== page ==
Spinal Cord Stimulation after Surgery
Question:A few years ago, I had a spinal fusion from L4 to S1. Unfortunately, I still have unbearable pain, and I’m considering a spinal cord stimulator. Do you think that’s a good option for me since surgery didn’t work? Can I have one put in, even if I have hardware (screws and rods) from the fusion?
Answer: Persistent pain following lumbar fusion is referred to as either Post Laminectomy Syndrome (PLS) or Failed Back Syndrome (FBS), and I know how disappointing it is for patients to still have pain after surgery. In evaluating whether spinal cord stimulation is appropriate for an FBS patient, I look at a couple of factors.
First of all, it’s important to consider if the original diagnosis and reason for surgery was correct. In medical terms, we talk about the “indication for surgery,” so perhaps your original indication for surgery was incorrect. In patients whose pain never improved following surgery, commonly their original indication for surgery was misdiagnosed.
If, however, your back pain lessened initially but then redeveloped, it’s likely that you have epidural scar tissue or arachnoiditis. both issues that can occur after surgery. In those cases, patients generally also have pain that radiates down their leg—commonly known as sciatica, but also called radicular leg pain. These patients are ideal candidates for a spinal cord stimulator (SCS) trial.
Another factor I look at for SCS is the percentage of back pain to leg pain. SCS is generally more successful if there’s a larger percentage of leg pain.
I also consider the component of neuropathic pain versus nociceptive pain. Nociceptive pain is usually associated with a joint, tendon, or muscle; neuropathic pain occurs when the nerves themselves are damaged. SCS works better for neuropathic pain, so your doctor will need to figure out if your pain is nociceptive or neuropathic. (There are some new developments in treating nociceptive back pain with SCS—related to hardware and technology improvements-but in the past, it’s been more successful with neuropathic pain.)
Psychology also plays a part in pain. That may be surprising to some people, but others may find that an obvious statement. Chronic or recurrent pain can lead to depression. Before trying SCS, the doctor should determine that the patient doesn’t have any psychological barriers to improvement. By that I mean that the patient should not be so depressed that even if their pain generators were removed, they wouldn’t be able to identify that they were better.
All of those preceding factors are important, but an SCS trial is the most predictive tool for who will or won’t benefit from a permanent stimulator. It’s absolutely necessary to do a trial with SCS. There are two basic ways to perform a trial, and your doctor will decide which is best for you. I’ll give a quick explanation of the two trial methods:
- SCS Trial Method 1: This is the percutaneous method, and it’s less invasive because it just punctures the skin with an epidural needle. The doctor then passes a temporary electrode through that needle and into the epidural space surrounding the dermatome and corresponding to where you have pain. (The epidural space is the area surrounding the dura membrane that covers the spinal cord; a dermatome is the specific area that’s sensitized by a particular nerve root.) After figuring out the “sweet spot”—the areas where you need stimulation-the doctor will anchor the electrode and connect it to an outside generator. You’ll need to leave it in for 2-7 days to see if the SCS reduces your pain by 50% or more. If you can’t tell in 7 days, you already have your answer: SCS isn’t a good option for you.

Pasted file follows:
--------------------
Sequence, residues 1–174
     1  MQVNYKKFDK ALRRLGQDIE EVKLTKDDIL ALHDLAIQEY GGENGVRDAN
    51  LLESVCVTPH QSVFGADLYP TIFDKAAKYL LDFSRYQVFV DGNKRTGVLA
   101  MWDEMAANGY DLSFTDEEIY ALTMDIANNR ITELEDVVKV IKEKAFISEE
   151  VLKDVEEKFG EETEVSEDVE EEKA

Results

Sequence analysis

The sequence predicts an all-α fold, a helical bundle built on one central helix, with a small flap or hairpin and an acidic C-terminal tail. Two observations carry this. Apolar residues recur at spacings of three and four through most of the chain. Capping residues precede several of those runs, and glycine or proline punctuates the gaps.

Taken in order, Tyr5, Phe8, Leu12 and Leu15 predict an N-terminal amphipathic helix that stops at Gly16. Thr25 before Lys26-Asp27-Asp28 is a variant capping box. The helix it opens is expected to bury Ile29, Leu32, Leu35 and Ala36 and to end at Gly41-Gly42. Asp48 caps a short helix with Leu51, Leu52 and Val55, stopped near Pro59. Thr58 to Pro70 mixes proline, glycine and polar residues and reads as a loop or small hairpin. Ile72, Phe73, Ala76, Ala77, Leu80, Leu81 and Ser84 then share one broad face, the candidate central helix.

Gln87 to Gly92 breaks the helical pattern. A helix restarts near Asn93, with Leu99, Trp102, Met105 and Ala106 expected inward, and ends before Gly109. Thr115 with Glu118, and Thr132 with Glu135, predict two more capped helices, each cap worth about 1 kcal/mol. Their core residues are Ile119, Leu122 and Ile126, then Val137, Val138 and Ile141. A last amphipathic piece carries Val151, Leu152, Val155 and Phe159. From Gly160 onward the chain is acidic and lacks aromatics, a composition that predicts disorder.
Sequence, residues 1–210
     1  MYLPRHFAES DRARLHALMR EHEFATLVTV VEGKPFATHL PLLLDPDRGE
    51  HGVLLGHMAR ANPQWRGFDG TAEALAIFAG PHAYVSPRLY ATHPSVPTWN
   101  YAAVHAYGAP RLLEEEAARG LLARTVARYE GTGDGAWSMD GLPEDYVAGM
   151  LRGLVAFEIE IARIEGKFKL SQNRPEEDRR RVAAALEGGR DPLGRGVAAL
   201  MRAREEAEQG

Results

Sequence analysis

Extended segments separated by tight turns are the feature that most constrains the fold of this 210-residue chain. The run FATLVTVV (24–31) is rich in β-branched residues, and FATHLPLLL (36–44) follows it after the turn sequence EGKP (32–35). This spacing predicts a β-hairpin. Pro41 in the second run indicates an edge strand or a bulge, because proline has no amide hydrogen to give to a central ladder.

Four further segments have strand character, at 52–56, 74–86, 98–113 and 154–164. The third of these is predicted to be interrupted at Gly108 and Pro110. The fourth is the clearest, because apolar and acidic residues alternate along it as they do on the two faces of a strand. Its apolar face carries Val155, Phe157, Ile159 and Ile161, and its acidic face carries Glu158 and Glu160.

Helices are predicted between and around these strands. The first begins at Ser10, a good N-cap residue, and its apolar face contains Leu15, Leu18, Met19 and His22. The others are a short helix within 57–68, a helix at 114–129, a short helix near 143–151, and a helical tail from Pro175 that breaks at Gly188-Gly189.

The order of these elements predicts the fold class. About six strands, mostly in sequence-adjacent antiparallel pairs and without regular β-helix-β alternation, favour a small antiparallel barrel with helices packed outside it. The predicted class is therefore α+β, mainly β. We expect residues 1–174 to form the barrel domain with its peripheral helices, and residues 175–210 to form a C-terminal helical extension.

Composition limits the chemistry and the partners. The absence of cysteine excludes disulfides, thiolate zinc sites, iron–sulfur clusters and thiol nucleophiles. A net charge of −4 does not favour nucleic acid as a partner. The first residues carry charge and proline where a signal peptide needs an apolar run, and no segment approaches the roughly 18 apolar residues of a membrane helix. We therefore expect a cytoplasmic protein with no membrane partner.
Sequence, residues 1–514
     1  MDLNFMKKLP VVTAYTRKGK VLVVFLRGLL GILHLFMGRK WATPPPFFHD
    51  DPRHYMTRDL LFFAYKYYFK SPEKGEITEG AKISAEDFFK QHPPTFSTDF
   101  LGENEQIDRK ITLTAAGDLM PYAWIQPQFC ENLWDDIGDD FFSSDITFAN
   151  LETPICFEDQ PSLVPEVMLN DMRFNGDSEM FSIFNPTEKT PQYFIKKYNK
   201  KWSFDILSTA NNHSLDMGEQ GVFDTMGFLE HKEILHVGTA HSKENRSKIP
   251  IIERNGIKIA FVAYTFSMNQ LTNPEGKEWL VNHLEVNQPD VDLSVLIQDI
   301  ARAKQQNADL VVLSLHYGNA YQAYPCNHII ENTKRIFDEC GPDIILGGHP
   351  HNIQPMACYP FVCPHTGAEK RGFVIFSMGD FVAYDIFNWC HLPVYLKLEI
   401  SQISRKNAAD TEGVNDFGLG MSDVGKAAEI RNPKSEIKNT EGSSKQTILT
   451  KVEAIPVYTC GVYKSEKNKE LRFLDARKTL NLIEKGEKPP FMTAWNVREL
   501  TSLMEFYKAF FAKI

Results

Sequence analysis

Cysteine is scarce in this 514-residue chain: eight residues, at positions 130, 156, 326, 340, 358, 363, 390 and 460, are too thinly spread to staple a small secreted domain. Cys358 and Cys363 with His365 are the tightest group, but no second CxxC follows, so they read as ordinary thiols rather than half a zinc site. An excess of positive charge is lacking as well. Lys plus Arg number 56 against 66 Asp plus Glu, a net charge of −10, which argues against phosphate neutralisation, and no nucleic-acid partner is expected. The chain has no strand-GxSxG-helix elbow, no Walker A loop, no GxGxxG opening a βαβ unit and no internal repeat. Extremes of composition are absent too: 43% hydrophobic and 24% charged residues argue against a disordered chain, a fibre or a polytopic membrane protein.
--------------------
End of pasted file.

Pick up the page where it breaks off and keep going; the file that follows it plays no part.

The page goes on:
- SCS Trial Method 2: This method is more invasive because the doctor will actually cut down through the skin and implant the stimulation leads. The rest of the trial is the same—hook it up to an outside generator and see if it works in 2-7 days.
If the trial is successful (your pain is reduced by 50% or more), you can have a spinal cord stimulator permanently implanted, or with Trial Method 2, simply revised in a 30-minute procedure.
I explain all of that about patient selection and trial details because without knowing your case, I can’t say if spinal cord stimulation will work for you. I do feel, though, that it’s important to understand patient selection criteria and why SCS may not work for you.
However, I can offer reassurances about your spinal hardware concerns. You have screws and rods from L4 to S1, which is below the area where SCS leads are generally placed. When implanting the SCS in your case, I would enter the spine at the L1-L2 or T12-L1 level. The leads are then placed at T8-T9, which is in your mid-back region and above your low back fusion levels.
I’d also like to point out a study from Johns Hopkins University School of Medicine that evaluated repeat operation versus SCS for persistent or recurrent radicular pain (such as you may have following your back surgery). SCS was found to be more effective and less expensive than re-operation. This was a “crossover” study, so patients were given the option to switch from one group to the other if the treatment didn’t work to relieve their pain. SCS accounted for the majority of the successes in both the primary group (patients who tried SCS to alleviate their persistent or recurrent pain) and in the crossover group (patients who tried re-operation first and then crossed over to SCS). Interestingly enough, none of the patients who failed SCS benefitted from re-operation when they crossed over to the operative side of the study.
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